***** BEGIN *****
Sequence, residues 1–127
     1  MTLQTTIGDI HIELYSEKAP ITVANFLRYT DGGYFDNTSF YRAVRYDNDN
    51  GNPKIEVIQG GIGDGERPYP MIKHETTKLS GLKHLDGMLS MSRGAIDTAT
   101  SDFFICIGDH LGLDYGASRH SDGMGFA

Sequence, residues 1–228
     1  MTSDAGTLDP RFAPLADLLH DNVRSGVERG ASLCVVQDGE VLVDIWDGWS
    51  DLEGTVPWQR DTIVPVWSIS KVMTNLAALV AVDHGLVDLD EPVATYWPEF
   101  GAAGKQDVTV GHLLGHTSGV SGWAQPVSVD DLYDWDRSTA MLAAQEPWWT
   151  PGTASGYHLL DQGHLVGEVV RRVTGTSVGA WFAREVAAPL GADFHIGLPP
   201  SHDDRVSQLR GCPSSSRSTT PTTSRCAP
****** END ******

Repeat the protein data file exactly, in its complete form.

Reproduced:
Sequence, residues 1–127
     1  MTLQTTIGDI HIELYSEKAP ITVANFLRYT DGGYFDNTSF YRAVRYDNDN
    51  GNPKIEVIQG GIGDGERPYP MIKHETTKLS GLKHLDGMLS MSRGAIDTAT
   101  SDFFICIGDH LGLDYGASRH SDGMGFA

Sequence, residues 1–228
     1  MTSDAGTLDP RFAPLADLLH DNVRSGVERG ASLCVVQDGE VLVDIWDGWS
    51  DLEGTVPWQR DTIVPVWSIS KVMTNLAALV AVDHGLVDLD EPVATYWPEF
   101  GAAGKQDVTV GHLLGHTSGV SGWAQPVSVD DLYDWDRSTA MLAAQEPWWT
   151  PGTASGYHLL DQGHLVGEVV RRVTGTSVGA WFAREVAAPL GADFHIGLPP
   201  SHDDRVSQLR GCPSSSRSTT PTTSRCAP